Now, it is corked with a piece of cork (yes, you can still get corks!) which fits into the neck of the bottle snug. But which is only about half an inch in length. Incidentally, the cork must not be placed intpositionbottle neck until immediately prior to your performance.

Just before your act begins fill the colored glass bottle to the top with the soda-pop. Then cork the bottle so that the top part of the cork is level with the rim of the neck of the bottle.

In the glasses you are using, place a few drops of “food coloring” in each of the glasses using whatever color the drink in that glass is supposed to be. For example, if the glass is to be filled with “orange” soda, use a mixture of red & yellow coloring. With a little experimenting, (mixing colors etc.) you will be able to duplicate the color of almost any soda-pop on the market! Food coloring is obtainable at almost any food market.

REMEMBER: You are only after the color alone to look good. The taste does not matter. Believe it or not, few will ever know the difference in taste between your disguised lemon-lime soda and other flavors! You may not believe this now, but it is true. You may even want to try a blindfold experiment yourself. Have someone give you several soda flavors and see if you can guess which one each is. You will be surprised with the results.

Now have a system where you know which glasses contain which colors, so that during the routine, if someone calls out orange soda, you don’t pour cola!

Last on your list of props is flashlight. This will become more apparent as you read the workings of the routine.

All set? have your music? oh…no music? ok, just read on!

Pick up the bottle in the left hand. Hold it upside down, the cork will not come out if you have picked one that fits very snug in the neck of the bottle. Pick up the flashlight and proceed to shine the light through the bottle. The liquid, being perfectly translucent, will not show. Turn out the light.

Place the bottle on the bar right side up and, as you do, your right thumb (or forefinger) shoves the thin piece of cork right down into the neck of the bottle. It’s presence there, floating atop the liquid, will not be seen for it is at this place on the bottle that the hand holds the “neck” as the pouring is done. However, at intervals, you may have to tip the bottle a bit to again dislodge the cork if it become stuck in the neck again to permit the release of the liquid.

Pretty clever huh? As far as I am concerned, this is far more effective than the use of a “prop” to produce the liquid.

The key here is to rehearse with an empty bottle so that you will have no trouble creating the “illusion” of an empty bottle (before the cork is dis-lodged) when you handle it. Observe how you handle the empty bottle then duplicate your actions with the filled one.

At this point you may proceed to present the effect in one of two ways. The first method is the classic “any drink called for” or in this case, “any soda flavor called for”. So obviously it is important to know what glass has what color in it when called. You also, only want to have one of each as far as the varieties go. Too much is overkill and anti-climactic.

What is nice about this method is that in addition to the magical appearance of the liquid you have the additional effect of magically making the “selected” flavor appear. Also, dark brown can be cola as well as root beer, etc.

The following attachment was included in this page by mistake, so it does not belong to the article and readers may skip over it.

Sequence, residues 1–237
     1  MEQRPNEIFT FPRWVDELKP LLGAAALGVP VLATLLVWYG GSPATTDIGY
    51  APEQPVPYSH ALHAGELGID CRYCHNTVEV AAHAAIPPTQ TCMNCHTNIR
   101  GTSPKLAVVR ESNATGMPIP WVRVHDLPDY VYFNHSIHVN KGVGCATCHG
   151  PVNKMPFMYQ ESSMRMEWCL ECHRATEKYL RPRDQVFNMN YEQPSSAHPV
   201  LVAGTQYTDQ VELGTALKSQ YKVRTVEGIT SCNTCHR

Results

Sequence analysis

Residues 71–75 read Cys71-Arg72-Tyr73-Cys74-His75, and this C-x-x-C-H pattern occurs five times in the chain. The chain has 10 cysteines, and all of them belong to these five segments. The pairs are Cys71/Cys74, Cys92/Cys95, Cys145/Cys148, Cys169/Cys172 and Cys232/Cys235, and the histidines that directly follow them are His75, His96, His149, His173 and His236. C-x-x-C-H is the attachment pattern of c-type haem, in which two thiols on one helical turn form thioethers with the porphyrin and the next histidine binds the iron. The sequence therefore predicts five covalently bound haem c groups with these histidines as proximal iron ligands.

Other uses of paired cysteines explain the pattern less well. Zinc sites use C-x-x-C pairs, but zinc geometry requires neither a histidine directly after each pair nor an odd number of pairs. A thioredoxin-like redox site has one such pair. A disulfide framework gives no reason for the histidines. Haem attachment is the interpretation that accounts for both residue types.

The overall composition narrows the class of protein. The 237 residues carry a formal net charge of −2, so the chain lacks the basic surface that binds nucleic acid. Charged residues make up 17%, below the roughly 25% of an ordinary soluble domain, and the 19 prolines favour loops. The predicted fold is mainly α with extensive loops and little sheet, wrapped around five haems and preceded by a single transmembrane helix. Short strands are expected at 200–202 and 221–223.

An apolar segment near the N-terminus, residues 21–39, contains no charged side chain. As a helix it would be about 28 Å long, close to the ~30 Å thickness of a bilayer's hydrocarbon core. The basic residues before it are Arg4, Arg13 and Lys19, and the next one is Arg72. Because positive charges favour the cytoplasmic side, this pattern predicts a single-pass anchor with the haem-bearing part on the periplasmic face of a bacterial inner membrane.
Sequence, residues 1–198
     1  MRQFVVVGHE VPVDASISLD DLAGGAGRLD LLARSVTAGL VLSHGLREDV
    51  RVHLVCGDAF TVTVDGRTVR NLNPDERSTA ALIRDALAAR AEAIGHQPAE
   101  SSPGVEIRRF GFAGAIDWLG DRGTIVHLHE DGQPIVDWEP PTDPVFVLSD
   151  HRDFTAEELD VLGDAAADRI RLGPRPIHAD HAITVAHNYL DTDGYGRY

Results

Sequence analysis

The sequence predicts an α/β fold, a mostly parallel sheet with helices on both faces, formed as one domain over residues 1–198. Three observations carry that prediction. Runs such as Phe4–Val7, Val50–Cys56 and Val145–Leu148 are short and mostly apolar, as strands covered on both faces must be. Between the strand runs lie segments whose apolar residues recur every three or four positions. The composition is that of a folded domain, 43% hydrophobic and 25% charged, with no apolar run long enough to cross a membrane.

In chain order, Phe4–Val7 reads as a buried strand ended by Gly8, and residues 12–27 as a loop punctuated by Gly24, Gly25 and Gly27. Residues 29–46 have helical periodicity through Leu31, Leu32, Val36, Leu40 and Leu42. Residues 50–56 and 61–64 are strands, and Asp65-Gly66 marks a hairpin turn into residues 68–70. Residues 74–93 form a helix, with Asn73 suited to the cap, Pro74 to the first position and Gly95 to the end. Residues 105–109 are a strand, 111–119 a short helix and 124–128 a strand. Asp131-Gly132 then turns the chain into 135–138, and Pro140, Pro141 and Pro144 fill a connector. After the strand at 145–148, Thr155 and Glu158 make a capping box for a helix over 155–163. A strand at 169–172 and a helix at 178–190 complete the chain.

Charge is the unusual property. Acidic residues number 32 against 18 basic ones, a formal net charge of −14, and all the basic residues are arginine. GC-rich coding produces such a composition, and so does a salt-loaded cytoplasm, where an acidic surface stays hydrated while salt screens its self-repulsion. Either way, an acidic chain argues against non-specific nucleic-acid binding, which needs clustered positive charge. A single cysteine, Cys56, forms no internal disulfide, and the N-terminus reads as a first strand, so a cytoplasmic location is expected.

The other way of presenting this would be to just do a magical presentation to music, talking about the various soda flavors while proceeding to pour out those being explained at the time. This has the advantage of not having to worry about soda flavors being called that you are not prepared for. Either way, the routine would be effective. Just be sure to pour the drinks out fast and keep your pacing brisk. It would be a good idea to allow an assistant to then pass out the drinks each time you get four or five ready. Always be sure to include a drinking straw in each glass. That’s showmanship and the kids love straws!

You will be amazed at how many drinks can come from one bottle as long as the glasses you use are not too large. And if you wish you may even want to try an old dodge if you have “wise” ones in the audience. An old secret of “any drink called for” performers of the past is to have several glasses of REAL soda behind your makeshift soda bar. Add these in sometime during the routine and pass them out. This proves (?) that you are producing legitimate soda-pop flavors!

A nice climax to the act would be to get a tight-fitting rubber cover for a glass which could either be purchased from a magic dealer or made using a piece of “dental-dam” material and a rubber band. This you have over the mouth of a glass of milk or ice water in your pocket. As a smash finish, pretend to hear someone call out the contents of the glass in your pocket instead of a soda-pop flavor. Reach into you pocket a produce it for laugh and big round of applause!!!

A Word Of Warning

When working the soda fountain act for children. Never let yourself nor her (or him if the assistant happens to be a “him” venture into the audience with the poured drinks) That you’ll be mobbed is a rank understatement of fact.

Here Are Some Patter Ideas

Ask: “Who has a birthday today? Please raise your hand.” If several have birthdays get them to come up and sit down. Next: Who has a birthday this week? Usually you’ll get enough hands on this one to fill a few chairs. If not: “Who has a Mommy orDaddy who has a birthday this week?” Keep this up until your chairs are filled. Then announce that you are to give them a “Magical Birthday Treat” and continue with the soda fountain act.